Coronavirus pandemic joins a long list of killers that has stalked humanity

Durban – AS THE world grapples to come to terms with the coronavirus pandemic, there has been much on social media about the “century killers”: 1720 Plague, 1820 Cholera Outbreak, 1920 Spanish Flu and 2020 Covid-19.

While the 1920 Spanish Flu was the deadliest pandemic in history and Covid-19 has yet to end with a final tally, some quick research revealed that the so-called pattern of the centuries is inaccurate, with many plagues and viruses stalking humanity throughout history.

There were two great plagues recorded in earlier times: in 541-542, the Plague of Justinian killed an estimated 25-50million people, or 40% of the population in Europe, Egypt and West Asia. It particularly affected the Byzantine Empire and its grand capital Constantinople, with recurrences until 750.

Justinian I was emperor at the time and although he contracted the disease, he survived. This plague was also the first recorded epidemic and it was believed that it was caused by infected rats brought in on grain ships from Egypt. The most basic, or root level, of existing strains of Yersinia pestis as a whole species are found in Qinghai, China.

From 1347 to 1353 the Black Death, also known as The Great Bubonic plague, took a massive toll on the populations of Europe, Asia and North Africa, with an estimated fatality of up to 200 million and an estimated 60% of the European population. At that point in history, no other recorded plague had such a devastating effect. It was also caused by the bacterium Yersinia pestis, but was not a direct descendant of the strain from the Justinian Plague. It resulted in three forms of plague – septicemic, pneumonic and bubonic, which was the most common.

It is believed the Black Death travelled from Asia along the Silk Road trade route, reaching Crimea by 1343, and was then carried by fleas on rats that travelled on Genoese merchant ships, spreading the plague across the Mediterranean.

Perhaps it is a coincidence to note that during the 16th century, Mexico (or New Spain as it was known) suffered a ravaging smallpox epidemic in 1520, but far worse was to come, with the Mexican population being hit with a series of Cocoliztli epidemics, the most damaging being 1545-48 during which it is estimated 15 million people, or 80% of the population, died as a result.

While the symptoms of that mysterious new disease were high fevers and bleeding, recent genetic research has shown the initial outbreak may have been partially caused by a salmonella strain, although it was also recorded as having been a viral hemorrhagic fever. Historians have noted that the worst drought in 500 years also hit North America and Mexico in the mid 1500s and have questioned whether that played a role in the epidemic.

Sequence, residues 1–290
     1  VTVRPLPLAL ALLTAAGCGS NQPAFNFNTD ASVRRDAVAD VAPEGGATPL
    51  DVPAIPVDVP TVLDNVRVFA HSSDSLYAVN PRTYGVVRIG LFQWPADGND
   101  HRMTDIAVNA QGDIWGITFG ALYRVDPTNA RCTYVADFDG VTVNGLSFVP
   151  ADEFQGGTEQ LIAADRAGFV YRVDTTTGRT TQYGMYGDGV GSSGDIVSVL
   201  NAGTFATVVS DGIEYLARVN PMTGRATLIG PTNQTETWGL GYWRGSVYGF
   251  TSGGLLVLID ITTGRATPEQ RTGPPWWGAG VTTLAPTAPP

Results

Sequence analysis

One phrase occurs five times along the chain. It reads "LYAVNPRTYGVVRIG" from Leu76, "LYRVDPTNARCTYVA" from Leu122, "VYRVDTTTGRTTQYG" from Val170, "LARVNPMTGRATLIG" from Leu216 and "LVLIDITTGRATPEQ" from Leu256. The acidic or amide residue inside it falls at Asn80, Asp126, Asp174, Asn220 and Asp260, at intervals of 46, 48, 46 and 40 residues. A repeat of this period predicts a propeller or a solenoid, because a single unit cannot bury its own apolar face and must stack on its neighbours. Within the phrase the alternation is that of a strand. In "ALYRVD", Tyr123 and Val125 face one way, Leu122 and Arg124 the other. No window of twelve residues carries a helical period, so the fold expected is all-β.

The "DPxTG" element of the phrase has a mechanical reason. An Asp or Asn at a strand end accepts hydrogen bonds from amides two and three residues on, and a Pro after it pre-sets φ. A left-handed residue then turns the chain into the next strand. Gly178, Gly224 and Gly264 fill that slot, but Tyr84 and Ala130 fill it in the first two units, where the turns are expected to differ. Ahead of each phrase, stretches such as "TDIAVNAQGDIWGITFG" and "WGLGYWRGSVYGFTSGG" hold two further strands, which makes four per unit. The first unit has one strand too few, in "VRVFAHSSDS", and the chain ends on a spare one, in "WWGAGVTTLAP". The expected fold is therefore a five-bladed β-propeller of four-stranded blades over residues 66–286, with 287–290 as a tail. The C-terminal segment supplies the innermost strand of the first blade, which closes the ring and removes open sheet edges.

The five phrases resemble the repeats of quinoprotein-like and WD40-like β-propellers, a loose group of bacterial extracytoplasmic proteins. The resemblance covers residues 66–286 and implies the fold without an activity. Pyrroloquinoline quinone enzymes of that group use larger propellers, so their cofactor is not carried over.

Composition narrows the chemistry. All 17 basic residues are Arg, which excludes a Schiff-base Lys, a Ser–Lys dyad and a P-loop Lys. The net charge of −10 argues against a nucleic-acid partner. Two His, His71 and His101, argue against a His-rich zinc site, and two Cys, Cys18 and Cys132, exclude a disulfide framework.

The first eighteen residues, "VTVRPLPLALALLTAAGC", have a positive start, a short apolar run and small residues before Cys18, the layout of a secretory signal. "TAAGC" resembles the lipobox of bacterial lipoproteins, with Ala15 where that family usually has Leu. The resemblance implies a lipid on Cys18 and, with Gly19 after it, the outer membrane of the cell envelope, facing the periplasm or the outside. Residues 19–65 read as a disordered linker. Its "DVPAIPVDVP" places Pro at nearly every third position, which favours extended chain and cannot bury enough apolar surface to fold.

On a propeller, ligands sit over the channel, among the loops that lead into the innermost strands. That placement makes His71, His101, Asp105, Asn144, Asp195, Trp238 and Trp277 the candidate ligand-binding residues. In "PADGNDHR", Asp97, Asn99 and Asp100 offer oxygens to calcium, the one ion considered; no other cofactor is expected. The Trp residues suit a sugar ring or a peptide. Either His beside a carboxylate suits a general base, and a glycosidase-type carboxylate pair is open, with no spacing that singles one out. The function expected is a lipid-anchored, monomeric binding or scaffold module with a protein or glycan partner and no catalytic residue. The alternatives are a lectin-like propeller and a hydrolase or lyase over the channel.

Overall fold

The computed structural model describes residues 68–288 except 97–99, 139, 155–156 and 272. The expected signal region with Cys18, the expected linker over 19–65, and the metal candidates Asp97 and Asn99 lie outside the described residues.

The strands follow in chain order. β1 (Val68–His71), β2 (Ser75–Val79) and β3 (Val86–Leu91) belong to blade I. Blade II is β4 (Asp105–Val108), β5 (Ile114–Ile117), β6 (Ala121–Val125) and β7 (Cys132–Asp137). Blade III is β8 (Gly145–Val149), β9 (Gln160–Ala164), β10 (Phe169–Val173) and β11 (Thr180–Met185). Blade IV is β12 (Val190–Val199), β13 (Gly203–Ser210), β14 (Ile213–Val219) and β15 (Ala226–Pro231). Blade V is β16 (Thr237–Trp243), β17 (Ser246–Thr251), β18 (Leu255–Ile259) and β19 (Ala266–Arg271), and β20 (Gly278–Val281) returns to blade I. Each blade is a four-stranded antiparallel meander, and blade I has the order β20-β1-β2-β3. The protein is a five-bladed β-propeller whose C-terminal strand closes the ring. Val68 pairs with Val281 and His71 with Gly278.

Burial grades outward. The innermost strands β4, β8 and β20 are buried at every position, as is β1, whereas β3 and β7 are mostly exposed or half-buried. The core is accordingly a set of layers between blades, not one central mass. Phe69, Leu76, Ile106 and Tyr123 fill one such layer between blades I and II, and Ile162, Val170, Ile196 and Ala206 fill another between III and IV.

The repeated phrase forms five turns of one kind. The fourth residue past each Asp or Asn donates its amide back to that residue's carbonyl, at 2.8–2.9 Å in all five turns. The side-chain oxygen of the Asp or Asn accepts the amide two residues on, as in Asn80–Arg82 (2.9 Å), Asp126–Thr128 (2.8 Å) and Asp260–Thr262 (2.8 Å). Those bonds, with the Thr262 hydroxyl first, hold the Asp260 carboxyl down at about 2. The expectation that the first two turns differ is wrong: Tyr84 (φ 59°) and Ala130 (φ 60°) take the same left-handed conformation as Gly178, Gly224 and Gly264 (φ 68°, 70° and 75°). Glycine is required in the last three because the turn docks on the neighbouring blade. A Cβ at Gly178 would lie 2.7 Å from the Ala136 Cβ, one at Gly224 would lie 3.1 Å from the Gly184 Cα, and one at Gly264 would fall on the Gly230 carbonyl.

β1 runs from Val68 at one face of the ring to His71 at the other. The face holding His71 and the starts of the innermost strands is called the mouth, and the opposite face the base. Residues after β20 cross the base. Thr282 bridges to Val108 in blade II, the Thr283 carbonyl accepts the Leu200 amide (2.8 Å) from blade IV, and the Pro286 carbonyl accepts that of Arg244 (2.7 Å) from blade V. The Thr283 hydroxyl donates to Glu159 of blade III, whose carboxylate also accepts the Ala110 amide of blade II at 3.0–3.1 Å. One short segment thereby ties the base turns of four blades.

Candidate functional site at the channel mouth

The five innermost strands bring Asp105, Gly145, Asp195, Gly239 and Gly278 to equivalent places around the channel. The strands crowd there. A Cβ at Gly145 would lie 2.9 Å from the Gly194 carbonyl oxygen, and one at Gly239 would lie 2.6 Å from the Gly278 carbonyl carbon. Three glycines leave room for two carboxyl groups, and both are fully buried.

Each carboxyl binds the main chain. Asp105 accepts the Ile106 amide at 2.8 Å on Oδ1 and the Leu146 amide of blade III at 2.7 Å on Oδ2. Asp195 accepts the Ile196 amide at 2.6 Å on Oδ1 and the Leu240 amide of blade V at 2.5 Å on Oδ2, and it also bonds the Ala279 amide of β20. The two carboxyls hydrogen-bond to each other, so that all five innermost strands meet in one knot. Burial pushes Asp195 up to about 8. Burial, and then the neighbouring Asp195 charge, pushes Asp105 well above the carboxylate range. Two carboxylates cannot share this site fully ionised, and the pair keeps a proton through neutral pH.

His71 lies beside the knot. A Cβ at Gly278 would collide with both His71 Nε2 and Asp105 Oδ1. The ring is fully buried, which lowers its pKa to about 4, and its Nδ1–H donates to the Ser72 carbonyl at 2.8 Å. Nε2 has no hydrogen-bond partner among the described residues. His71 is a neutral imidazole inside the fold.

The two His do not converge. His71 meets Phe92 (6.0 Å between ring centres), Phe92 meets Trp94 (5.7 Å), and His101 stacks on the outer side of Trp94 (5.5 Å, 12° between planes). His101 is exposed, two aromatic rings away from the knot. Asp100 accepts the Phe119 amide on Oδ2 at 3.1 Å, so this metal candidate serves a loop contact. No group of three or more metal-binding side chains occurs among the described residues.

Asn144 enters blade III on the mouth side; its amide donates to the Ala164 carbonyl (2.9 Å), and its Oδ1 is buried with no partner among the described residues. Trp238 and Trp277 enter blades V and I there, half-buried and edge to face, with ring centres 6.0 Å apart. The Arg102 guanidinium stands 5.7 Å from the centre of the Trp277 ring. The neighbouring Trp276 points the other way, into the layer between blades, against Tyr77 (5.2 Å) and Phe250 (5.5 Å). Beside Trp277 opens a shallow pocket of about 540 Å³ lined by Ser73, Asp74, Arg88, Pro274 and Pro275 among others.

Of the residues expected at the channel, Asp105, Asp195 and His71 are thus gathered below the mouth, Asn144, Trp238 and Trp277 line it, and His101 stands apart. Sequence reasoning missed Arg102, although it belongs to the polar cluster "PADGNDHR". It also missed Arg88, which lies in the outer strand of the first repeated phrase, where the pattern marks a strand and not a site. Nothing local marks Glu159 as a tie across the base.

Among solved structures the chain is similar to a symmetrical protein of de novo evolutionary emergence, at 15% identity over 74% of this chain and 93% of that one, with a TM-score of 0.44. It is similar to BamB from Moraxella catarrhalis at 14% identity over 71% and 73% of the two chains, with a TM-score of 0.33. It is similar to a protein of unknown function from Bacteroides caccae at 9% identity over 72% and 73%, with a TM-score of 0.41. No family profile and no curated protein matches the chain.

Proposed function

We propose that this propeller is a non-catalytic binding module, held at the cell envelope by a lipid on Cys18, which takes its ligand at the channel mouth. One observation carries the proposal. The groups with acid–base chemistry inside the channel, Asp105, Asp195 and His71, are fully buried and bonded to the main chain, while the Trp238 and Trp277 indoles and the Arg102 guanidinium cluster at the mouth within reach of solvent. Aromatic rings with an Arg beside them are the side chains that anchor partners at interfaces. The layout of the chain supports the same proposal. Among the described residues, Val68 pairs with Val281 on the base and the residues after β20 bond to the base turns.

The 17th century saw Europe being heavily impacted by plague, with The Great Plague of London 1665-66 being the most famous during which an estimated 200000 people died in London over seven months.

One in four Londoners succumbed to the disease. The plague was followed by the Great Fire of London 1666 which cleansed the city of the plague-carrying rats.

Before that, the Italian Plague of 1629-31 saw an estimated 280000 deaths, while the Great Plague of Vienna had 76000 fatalities.

While the plague appeared to have retreated in the late 17th century, it came back with a vengeance at the start of the 18th century during the Great Northern War (1700-21) with the Great Plague of Marseilles in France in 1820 with an estimated 100000 deaths and a devastating two million deaths during the Persia Plague of 1772.

The 19th century saw the first cholera pandemic take hold in Asia and Europe from 1816-26, claiming 100000 lives. The water-borne disease returned in Asia, Europe and North America from 1829-51, taking a further 100000 lives, with an estimated one million deaths in Russia between 1852-60.

The century ended with a worldwide influenza epidemic from 1889-90 and which claimed one million lives.

And then into the 20th century.

As World War I or the Great War ended in 1918, the deadly Spanish Flu (influenza A virus subtype H1N1) took the world by storm from 1918 until 1920, infecting an estimated 500million people or about a third of the world’s population. The death rate has been estimated to have possibly been as high as 100million.

The other major killer of the 20th century was the HIV/Aids pandemic, which has also killed millions.

But when it comes to flu, the Spanish Flu was the first of two pandemics involving the H1N1 influenza virus, the second being in the 21st century – the 2009 swine flu pandemic – although this was a new strain from a combination of bird, pig and human flu viruses.

While the World Health Organisation put the number of deaths from swine flu at 18500, there have been reports since then that this number may well have been much higher, with some suggesting 10 times higher.

In 2002-04, the Sars coronavirus (Sars-CoV) caused the outbreak of Sars (severe acute respiratory syndrome) in China which recorded more than 700 deaths.

A related virus Sars-CoV-2 is behind the current coronavirus outbreak.

By Friday the total number of deaths worldwide of the current Covid-19 passed 10 000.


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